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Bush again vetoes child insurance bill

WASHINGTON (BP)–President Bush has vetoed for the second time the expansion of a children’s health insurance program.

Bush rejected Dec. 12 a bill reauthorizing and expanding the State Children’s Health Insurance Program (SCHIP). The president vetoed the SCHIP legislation the first time Oct. 3. The latest veto was a foregone conclusion, since the White House had promised after the second version’s passage that Bush would send it back because the legislation still had “major flaws.”

The conflict between Congress and the president focuses largely on the difference in increased spending for the 10-year-old program. The Bush-vetoed bill would have expanded SCHIP by $35 billion over five years; the president proposed a $5 billion expansion.

SCHIP provides federal funds to states to cover children in low-income families that are not poor enough to qualify for Medicaid but unable to afford private insurance. SCHIP, which went into effect in 1997, has provided $40 billion over the last 10 years.

In vetoing the bill for the second time, Bush said in a letter to the House of Representatives the latest SCHIP legislation “does not put poor children first and it moves our country’s health care system in the wrong direction. Ultimately, our Nation’s goal should be to move children who have no health insurance to private coverage -– not to move children who already have private health insurance to government coverage.”

The latest version would have provided government coverage for 2 million children who already have private insurance, Bush said.

The president reiterated he was willing to work with Congress by adding funds to his proposal without increasing taxes.

After the first veto, Congress did not reduce the $35 billion expansion but revised it in an attempt to gain more votes by barring illegal immigrants from the program, capping the ceiling on recipients at 300 percent of the poverty level and moving adults out of the program in half as much time.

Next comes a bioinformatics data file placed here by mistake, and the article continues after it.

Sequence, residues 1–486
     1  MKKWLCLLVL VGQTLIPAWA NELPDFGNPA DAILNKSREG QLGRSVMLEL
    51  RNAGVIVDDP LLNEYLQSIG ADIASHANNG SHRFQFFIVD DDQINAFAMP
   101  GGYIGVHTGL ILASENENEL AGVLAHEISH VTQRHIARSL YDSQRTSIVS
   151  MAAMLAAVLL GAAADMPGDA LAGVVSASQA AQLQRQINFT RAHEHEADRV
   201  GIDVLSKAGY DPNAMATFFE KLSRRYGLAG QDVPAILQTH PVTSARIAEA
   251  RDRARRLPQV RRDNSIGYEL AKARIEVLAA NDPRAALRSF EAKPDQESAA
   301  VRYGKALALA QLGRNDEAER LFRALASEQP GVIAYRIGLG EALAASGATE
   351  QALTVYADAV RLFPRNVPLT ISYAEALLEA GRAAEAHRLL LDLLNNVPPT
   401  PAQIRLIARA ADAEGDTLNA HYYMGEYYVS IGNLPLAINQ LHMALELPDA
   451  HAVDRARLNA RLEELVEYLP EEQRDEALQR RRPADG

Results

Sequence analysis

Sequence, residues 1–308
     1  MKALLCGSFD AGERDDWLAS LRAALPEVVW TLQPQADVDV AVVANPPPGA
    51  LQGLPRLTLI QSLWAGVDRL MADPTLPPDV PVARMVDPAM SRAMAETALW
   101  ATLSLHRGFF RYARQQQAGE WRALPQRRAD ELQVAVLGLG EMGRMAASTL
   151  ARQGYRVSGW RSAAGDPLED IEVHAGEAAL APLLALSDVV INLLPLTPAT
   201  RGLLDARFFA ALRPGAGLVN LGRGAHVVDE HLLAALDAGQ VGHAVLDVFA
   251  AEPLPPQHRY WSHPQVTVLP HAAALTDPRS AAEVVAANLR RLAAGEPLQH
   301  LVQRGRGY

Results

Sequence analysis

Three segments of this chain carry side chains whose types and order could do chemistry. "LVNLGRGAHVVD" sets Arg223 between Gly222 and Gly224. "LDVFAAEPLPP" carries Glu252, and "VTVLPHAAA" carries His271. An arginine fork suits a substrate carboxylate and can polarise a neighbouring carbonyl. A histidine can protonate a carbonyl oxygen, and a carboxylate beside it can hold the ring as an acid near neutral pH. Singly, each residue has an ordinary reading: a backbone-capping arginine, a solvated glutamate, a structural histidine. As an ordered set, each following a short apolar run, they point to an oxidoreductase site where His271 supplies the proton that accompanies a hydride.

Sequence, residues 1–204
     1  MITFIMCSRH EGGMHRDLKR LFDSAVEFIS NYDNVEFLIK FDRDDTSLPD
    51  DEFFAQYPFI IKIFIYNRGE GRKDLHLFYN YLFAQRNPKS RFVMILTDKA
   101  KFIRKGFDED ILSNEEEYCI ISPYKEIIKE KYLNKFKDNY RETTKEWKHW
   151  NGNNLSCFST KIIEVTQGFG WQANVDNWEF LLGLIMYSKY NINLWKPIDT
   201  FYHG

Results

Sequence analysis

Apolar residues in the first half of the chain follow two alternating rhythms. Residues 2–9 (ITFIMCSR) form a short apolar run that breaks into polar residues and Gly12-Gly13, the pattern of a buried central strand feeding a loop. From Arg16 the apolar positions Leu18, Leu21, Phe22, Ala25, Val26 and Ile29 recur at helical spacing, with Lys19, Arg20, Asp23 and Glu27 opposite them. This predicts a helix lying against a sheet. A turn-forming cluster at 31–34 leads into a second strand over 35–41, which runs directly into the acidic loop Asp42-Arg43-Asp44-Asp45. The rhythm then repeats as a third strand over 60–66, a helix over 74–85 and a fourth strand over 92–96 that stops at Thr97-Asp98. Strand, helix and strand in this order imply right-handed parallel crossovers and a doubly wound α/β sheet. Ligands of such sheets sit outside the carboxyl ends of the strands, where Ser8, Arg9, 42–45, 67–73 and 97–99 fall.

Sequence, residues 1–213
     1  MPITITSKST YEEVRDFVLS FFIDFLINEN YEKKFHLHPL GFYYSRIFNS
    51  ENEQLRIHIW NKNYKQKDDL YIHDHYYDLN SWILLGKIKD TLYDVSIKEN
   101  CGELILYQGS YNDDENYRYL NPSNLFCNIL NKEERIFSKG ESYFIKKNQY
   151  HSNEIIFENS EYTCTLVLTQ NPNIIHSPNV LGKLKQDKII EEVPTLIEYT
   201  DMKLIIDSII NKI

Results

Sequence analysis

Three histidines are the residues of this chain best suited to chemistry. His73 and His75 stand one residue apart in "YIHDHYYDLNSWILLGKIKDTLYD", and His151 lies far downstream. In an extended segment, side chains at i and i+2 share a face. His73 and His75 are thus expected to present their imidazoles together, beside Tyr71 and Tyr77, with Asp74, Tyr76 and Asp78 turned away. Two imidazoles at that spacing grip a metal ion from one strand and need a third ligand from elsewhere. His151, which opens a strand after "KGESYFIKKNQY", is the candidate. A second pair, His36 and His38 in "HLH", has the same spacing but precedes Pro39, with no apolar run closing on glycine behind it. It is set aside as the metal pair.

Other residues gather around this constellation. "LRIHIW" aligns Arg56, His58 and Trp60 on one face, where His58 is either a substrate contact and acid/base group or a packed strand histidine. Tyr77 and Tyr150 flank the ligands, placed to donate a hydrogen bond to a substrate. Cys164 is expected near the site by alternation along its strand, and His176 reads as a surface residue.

The Southern Baptist Ethics & Religious Liberty Commission has commended the original SCHIP, but it has opposed both of this year’s proposals, expressing concern both would mark a significant step toward government-run health care.

Speaker of the House Nancy Pelosi described Bush’s veto as a “sad action.”

“Let it be clear that Democrats will not rest until 10 million children in America have access to health care, and that it is paid for,” Pelosi said.

Pelosi said a bill would be introduced quickly to fund the program through the end of the fiscal year.

After Bush’s first veto, the House attempted an override Oct. 18. The vote was 273-156, leaving the bill’s supporters 13 votes short of the two-thirds majority needed for an override.

A week later, the House passed the revised version with a vote of 265-142. The Senate voted 64-30 Nov. 1 for the new version. While the Senate’s margin achieved a two-thirds majority, the House roll call fell seven votes short.

The SCHIP expansion vetoed by the president would have been underwritten by a 61-cent increase in the federal tobacco tax.

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